“No one can understand the truth until he drinks of coffee’s frothy goodness.”
It’s more precious than blood. In fact, some days, my blood just won’t flow without coffee, and I can’t navigate my way through my world without its life-giving aroma, that deep earthiness that pours in through my nostrils and wakens my brain until my mouth and tongue scream out, “Hey, what the hell are you waiting for? We want in on the game, too!” And there it is, my motivation to drag myself out of bed, hit the showers, brush my teeth, and dash off to the drive-through at the local Dunkin’ Donuts and face the daylight.
T.S Eliot’s famously pathetic character J. Alfred Prufrock lamented, “I have measured out my life with coffee spoons” (847), and I, too, can chart out the arc of my life by tracing my relationship with the sacred bean. As a child, we all remember going to grandma’s and craving her wonderland of baked goods, but more than melty chocolate chip cookies or glazed cinnamon rolls I most vividly recall the greatest cup of coffee ever made. It was brewed, percolated in those old coffee makers with the little glass turret on top that burbled and belched as the elixir shot to life. I’d watch in fascination until it was finally time to pour the goods, the exquisite aroma taking over the entire house, and what goods they were. Grandma mixed in the perfect amount of sugar and sweet whole cream—nectar of the gods! Coupled with a chocolate covered donut from Suchyta’s Bakery, my life was complete.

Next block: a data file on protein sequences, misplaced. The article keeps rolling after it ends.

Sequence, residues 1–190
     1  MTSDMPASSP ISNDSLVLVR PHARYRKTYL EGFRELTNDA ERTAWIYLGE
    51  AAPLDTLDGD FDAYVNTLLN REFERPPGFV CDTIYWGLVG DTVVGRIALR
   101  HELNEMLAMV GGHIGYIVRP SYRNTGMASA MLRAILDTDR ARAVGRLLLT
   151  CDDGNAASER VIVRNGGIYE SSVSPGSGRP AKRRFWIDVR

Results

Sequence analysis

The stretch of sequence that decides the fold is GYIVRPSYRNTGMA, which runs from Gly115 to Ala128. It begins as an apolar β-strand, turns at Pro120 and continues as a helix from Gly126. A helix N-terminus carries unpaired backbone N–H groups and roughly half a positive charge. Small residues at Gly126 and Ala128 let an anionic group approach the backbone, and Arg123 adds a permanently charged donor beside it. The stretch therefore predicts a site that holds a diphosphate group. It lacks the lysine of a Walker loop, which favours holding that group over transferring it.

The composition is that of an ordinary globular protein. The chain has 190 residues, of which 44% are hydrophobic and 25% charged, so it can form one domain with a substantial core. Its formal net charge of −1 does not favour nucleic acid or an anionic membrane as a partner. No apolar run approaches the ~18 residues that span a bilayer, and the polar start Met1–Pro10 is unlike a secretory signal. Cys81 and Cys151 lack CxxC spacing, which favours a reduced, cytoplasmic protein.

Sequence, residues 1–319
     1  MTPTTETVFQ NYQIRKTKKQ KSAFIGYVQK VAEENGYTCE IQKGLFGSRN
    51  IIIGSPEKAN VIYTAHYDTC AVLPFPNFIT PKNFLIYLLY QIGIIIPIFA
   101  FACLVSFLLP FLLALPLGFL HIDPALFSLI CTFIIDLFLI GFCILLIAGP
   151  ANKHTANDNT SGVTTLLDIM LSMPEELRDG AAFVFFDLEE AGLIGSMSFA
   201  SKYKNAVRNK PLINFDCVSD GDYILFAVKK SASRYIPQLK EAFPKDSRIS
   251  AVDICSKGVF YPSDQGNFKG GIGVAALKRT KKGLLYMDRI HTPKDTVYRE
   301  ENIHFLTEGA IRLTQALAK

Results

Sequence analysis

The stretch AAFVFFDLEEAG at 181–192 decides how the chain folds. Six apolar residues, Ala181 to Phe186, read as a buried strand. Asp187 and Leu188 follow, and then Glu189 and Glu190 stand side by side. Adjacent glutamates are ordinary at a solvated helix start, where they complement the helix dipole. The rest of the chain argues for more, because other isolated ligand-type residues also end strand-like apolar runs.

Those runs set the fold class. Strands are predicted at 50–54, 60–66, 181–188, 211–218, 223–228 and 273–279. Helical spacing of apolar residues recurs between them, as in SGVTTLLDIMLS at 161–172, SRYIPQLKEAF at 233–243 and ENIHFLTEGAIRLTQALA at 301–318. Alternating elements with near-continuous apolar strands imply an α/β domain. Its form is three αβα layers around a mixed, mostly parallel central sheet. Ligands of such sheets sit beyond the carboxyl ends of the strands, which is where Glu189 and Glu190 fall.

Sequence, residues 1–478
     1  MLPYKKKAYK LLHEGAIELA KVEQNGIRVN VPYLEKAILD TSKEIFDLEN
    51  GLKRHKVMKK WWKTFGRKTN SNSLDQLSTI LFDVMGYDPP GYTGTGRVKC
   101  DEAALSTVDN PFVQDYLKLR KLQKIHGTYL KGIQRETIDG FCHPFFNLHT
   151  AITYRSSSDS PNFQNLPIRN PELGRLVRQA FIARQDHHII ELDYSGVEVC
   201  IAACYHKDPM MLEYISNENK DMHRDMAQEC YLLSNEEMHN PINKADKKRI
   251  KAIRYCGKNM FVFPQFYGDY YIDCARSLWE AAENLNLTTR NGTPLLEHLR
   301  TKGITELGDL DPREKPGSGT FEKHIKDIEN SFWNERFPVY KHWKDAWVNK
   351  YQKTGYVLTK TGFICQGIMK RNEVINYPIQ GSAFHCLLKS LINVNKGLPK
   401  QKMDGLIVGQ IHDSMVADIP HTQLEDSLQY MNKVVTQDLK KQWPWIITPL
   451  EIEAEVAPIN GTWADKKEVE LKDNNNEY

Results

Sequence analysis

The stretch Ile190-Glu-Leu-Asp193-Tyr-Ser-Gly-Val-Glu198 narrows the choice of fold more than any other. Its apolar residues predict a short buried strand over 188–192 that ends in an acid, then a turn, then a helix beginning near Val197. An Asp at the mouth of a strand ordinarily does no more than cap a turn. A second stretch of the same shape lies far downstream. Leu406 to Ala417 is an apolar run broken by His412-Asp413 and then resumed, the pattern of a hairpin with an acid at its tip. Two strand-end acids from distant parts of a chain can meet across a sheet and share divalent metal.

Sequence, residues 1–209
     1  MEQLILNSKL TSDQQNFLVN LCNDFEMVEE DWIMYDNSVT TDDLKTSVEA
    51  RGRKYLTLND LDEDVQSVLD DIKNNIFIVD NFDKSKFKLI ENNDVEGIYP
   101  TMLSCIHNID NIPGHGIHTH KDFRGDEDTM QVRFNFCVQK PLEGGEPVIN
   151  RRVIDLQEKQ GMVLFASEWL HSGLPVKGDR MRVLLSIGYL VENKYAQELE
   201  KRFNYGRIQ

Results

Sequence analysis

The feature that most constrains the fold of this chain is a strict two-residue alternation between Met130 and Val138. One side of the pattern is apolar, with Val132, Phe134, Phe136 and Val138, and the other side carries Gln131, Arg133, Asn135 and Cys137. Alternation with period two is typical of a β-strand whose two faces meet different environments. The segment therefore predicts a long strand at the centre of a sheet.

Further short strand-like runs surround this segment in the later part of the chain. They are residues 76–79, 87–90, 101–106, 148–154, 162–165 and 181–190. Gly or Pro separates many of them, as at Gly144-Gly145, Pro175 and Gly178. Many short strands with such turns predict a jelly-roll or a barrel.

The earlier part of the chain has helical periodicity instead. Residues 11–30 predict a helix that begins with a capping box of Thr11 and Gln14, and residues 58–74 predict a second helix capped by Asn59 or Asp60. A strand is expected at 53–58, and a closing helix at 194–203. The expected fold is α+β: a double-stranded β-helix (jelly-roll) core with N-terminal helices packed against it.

Later, self-conscious and preoccupied with my image, black coffee grabbed center stage. I’d hang out at the Big Boy after getting off work as a bartender at 3 a.m. and, restless, still wound from manning the taps, I’d stake my place at the counter and order my cup of machismo. “Black coffee” sounded so damn cool, so fiercely philosophical, that just uttering the phrase seemed to crease my face with battle-worn age lines and crow’s feet of hard-won wisdom. There at the counter or off in a back booth, I’d write or sit and BS with other night owls, slurping the bitter bean and exuding Brando-esque, Kerouac-ian cool. The stronger the brew the better, just grab a good handful of beans and squeeze the java from them, mainline the uncut motor oil into my cup and let me light a cigarette to complete the image. Coffee was the world, and, with that stained cup of tar in front of me, the world was mine.
And now? Sure, I still like that morning cup to kickstart my brain and metabolism. No sugar—old age makes every extra calorie expendable. And black? No way, the stomach lining is wearing thin in too many spots and a bit of milk is necessary to soften the ride. But the rich smell is still invigorating, life-confirming, and earthy good. Grandma is gone, and some other self-important poser is probably manning the 3 a.m. stool at the Big Boy, but I believe that coffee, that frothy, pulse-quickening gift, is as bitter, sweet, and true as it’s ever been.
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